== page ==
Bit of a problem this last two weeks in that I’ve had two tenants give notice saying their flats are too cold. This distresses me a great deal, as we go to a huge amount of effort to ensure we have happy tenants, but in both these cases there are steps we’ll be taking to ensure the same complaints don’t happen again. In one ground floor flat there is insulated plasterboard and adequate heating but the laminate flooring which was put down didn’t have any particular insulation underneath it and the cold coming through from the cellar in winter is chilling the whole room, discolouring the flooring and furniture legs. We’re going to take up the laminate, insulate and lay carpet with extra thick underlay but the tenant wants to go back into shared accommodation anyway so that will be done between tenancies. In the other it’s not so easy. It’s a top floor flat, converted prior to me buying the Victorian building but not using insulated board, with modern electric heating and wooden flooring. And no matter how long the heating is on for, it’s cold.
I’ve waxed lyrical on Twitter about plasterboards which incorporate insulation on their rear sides, especially when renovating old buildings for rental. We’ve two large Victorian buildings both split into flats next door to each other, one refurbished a few years before the other. The later one, re-boarded using insulated Knauf plasterboards is noticeably and considerably warmer than the one done using ‘normal’ boards, the one in which this cold top floor flat is situated.(Bear in mind that in this blog post, I’m not taking about properties which have gas fired boiler central heating systems, many apartment new builds and conversions don’t have gas connections anymore as landlords often consider gas as ‘risky’ and stick to just electric.)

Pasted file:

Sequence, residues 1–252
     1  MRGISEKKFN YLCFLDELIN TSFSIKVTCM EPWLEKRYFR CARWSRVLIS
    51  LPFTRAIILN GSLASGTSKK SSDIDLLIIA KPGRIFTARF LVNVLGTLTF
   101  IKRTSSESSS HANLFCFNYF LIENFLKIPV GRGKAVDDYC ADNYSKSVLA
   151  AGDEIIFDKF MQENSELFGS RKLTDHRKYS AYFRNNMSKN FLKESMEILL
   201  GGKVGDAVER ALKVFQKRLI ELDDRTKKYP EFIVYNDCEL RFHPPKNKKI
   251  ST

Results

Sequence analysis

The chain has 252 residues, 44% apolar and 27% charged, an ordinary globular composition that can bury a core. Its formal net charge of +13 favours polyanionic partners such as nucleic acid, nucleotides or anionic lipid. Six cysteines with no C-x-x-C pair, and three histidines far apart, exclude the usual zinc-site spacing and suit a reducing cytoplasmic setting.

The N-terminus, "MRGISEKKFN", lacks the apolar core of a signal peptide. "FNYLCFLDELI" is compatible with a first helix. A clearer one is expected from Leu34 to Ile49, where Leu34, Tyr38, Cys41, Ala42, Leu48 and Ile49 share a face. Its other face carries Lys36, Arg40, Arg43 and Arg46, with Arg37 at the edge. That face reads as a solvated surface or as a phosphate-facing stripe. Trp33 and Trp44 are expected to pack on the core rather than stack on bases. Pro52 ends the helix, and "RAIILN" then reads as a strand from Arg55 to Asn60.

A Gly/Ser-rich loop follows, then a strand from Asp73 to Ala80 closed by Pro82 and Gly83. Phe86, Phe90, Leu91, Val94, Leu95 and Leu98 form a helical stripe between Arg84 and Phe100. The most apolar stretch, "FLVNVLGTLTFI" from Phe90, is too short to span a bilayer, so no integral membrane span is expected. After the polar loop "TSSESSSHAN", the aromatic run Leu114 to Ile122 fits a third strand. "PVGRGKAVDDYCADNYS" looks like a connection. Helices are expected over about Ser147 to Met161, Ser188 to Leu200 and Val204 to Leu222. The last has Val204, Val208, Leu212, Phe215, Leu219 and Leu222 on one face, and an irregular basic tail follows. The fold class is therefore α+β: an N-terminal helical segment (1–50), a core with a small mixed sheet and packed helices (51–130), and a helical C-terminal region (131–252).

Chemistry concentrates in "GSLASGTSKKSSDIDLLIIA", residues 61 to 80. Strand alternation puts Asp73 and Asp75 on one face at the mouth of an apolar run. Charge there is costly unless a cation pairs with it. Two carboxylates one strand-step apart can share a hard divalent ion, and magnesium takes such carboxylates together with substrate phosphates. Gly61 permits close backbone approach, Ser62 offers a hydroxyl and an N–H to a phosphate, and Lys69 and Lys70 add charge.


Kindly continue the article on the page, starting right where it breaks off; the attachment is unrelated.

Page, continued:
In the past, the type of heating system didn’t matter much to tenants as energy bills were much lower and everyone had either electric storage heaters which use up cheaper electric at night to warm the heavy internal bricks then release it slowly during the day, or gas fires which seem to throw forward much more heat on cold winter nights. Storage heaters are great in winter as they slowly and steadily maintain an ambient temperature in the fabric of the building (your walls, floor, ceiling and even furniture) but were slightly annoying as they weren’t controllable in warmer months. If you turned them off at night, they were stone cold til the next night so you couldn’t get a quick instant boost. These days there are new storage heaters which also have a controllable convector element but many landlords have long since got rid of both gas and the double meter or readings system needed to measure daytime use and night-time use so storage heaters are hard to re-fit again.
I was one such landlord, taking out what I then saw as cumbersome, old fashioned heating and replacing with new wall mounted slimline electric heating. All very well and good in warmer and cheaper years but now there are real problems and I regret removing them. Tenants are being stung on electric costs which have rocketed beyond anyone’s comprehension. They don’t use the slimline heaters during the day whilst at work, then come home and turn them up to full. These heaters then struggle to heat everything in the room – walls, furniture and air – from stone cold to toasty warm in the instant the tenants want them to. I do suggest to tenants that onesies, woolly socks and furry boots will help keep their winter heating bills down more than teeshirts and flip-flops but it’s unfair to expect them to live in cold properties which their heating struggles to warm up.